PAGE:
So let your imagination run wild! Go build sacred spaces of your own. Strengthen your connection to your art and your soul. Where do you feel most creative? Do you have a favorite room in your home that you seem to find yourself in all the time? Feel free to post examples of your sacred spaces here.

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Thinking space...

Today I have been thinking about my study. Is it just a psychological work space or does it contain a 'spiritual' element too. The answer surprised me, my study is as spiritual as it is practical. On my shelves books by Rollo May and Wittgenstein jostle with works on cognitive and experimental psychology in a dust jacketed Will-to-Power. Even my choice of wallpaper has its own significance outside of the mere practical. I for one will never again view my office as just another room. Thanks innowen.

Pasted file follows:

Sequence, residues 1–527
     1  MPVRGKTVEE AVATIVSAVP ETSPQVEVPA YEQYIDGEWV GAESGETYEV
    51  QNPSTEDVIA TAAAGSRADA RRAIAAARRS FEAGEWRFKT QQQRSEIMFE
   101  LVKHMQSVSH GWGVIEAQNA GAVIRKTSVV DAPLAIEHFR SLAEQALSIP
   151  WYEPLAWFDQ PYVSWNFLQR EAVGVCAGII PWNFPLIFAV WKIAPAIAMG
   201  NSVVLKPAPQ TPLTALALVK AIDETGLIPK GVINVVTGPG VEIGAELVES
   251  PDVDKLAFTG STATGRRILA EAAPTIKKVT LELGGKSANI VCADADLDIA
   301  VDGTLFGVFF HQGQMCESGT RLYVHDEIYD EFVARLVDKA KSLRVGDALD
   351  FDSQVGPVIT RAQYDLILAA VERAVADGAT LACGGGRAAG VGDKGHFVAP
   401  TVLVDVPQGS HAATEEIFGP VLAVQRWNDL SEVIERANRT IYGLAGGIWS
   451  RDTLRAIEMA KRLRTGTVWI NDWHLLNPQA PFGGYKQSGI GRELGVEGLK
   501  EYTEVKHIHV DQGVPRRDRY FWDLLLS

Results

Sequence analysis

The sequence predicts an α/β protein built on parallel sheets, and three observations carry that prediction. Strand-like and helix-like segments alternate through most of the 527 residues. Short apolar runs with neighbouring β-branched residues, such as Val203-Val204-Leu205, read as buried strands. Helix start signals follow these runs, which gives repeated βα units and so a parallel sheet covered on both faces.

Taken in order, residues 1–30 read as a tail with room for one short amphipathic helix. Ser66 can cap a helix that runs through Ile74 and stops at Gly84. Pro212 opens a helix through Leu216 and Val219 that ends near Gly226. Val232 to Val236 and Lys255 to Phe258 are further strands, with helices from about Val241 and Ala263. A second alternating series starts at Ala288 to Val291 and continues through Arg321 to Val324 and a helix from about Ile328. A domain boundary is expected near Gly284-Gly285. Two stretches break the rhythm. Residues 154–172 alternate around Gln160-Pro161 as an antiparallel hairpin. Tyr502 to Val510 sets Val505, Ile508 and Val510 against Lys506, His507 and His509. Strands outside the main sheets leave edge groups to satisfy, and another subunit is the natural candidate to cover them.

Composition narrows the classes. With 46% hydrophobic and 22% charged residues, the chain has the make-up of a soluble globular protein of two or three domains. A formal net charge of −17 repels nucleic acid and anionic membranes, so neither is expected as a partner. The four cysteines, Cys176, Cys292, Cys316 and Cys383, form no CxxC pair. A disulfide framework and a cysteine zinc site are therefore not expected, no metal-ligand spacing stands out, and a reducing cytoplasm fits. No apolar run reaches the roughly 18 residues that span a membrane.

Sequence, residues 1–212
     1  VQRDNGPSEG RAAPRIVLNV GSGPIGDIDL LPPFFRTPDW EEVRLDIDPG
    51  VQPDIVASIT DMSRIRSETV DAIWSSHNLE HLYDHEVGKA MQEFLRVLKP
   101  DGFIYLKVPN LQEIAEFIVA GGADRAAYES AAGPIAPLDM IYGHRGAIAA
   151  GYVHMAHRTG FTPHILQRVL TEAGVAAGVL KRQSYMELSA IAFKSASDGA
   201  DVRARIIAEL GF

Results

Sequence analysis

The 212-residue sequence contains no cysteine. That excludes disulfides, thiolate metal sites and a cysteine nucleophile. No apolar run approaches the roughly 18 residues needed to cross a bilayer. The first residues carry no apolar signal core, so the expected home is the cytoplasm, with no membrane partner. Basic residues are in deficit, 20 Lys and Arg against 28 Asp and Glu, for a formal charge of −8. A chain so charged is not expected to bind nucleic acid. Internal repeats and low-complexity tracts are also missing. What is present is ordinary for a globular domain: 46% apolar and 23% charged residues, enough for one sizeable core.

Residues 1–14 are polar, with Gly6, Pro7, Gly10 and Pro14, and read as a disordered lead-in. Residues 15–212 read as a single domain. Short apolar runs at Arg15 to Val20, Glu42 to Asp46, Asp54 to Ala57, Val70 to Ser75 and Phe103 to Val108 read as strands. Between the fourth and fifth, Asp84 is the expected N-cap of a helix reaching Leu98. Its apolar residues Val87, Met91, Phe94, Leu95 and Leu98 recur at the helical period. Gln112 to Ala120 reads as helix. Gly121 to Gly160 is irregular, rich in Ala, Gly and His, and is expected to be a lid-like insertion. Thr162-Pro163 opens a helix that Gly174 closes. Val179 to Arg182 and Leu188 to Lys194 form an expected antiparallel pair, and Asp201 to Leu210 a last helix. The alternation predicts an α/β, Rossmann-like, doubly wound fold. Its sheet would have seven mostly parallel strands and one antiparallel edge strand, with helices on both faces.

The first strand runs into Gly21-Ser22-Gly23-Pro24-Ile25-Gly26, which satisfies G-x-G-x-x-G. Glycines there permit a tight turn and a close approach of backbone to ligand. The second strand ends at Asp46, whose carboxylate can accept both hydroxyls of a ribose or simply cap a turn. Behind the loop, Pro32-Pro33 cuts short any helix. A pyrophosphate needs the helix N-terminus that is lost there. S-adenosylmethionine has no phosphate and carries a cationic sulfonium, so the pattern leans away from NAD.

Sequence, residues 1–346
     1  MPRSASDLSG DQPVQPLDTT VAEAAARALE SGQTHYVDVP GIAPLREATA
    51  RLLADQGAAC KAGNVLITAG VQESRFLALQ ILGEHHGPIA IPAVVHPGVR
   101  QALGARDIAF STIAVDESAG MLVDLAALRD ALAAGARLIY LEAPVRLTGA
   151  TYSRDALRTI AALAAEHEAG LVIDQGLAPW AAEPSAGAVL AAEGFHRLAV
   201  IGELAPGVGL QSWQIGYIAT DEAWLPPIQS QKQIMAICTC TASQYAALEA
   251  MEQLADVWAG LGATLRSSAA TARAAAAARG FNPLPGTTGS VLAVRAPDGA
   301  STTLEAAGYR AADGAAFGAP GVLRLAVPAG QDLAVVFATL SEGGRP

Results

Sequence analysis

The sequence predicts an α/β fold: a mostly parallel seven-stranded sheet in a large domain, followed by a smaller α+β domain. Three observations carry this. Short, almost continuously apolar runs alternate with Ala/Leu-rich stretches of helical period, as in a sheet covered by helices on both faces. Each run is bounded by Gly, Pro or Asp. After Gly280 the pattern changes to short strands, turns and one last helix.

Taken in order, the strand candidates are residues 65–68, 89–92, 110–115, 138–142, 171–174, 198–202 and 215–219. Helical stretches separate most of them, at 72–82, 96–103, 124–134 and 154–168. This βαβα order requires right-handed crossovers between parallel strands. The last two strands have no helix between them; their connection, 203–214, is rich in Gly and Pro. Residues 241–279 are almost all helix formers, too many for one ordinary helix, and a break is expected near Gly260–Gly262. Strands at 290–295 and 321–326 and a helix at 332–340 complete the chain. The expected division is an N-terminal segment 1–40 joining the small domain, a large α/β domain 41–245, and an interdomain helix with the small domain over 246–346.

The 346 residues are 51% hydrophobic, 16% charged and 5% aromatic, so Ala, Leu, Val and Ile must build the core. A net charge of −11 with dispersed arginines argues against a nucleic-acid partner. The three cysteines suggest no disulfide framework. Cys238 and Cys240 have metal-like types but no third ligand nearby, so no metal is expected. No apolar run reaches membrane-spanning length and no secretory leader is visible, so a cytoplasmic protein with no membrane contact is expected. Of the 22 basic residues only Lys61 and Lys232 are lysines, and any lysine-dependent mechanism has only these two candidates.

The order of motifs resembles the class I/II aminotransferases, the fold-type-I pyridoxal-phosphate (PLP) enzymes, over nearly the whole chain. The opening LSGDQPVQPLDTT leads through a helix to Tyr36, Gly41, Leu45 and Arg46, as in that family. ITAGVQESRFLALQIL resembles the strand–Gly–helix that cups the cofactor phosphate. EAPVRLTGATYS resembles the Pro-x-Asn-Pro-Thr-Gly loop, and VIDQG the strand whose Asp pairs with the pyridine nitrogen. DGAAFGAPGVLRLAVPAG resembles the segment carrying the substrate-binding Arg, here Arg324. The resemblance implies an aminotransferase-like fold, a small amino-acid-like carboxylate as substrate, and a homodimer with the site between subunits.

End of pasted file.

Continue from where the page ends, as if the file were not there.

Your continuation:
Yer welcome

Sard, I'll bet that if you look around your whole home, you'll find that all the rooms have some element of you and your beliefs in them. However, from what I recall and you've said... it seems as if your study is probably the room that best fits you.

Sometimes, I can tell what I need by where I spend most of my time in a room. For example, if I crave socialness... I end up downstairs, mostly in the kitchen. If I want to be cozy and snuggly, I end up in my bedroom.

And it's the room you spend most of your time in, right?


Professor Plum, in the study, with a spanner...

You are right inno, I do spend most of my time in my study. However not being much of a dinner party animal myself, I find the kitchen a great place to socialise. My bedroom I try to avoid at all costs and as such it is the one place that least reflects the real me. Hmmm, I have the idea that may be part of a bigger puzzle. Note to self, reclaim master bedroom tonight...

A question of privacy...

Nice article, something we don't see written about much. I like your habit of naming things, like Smudge, I'll have to give that a try. :)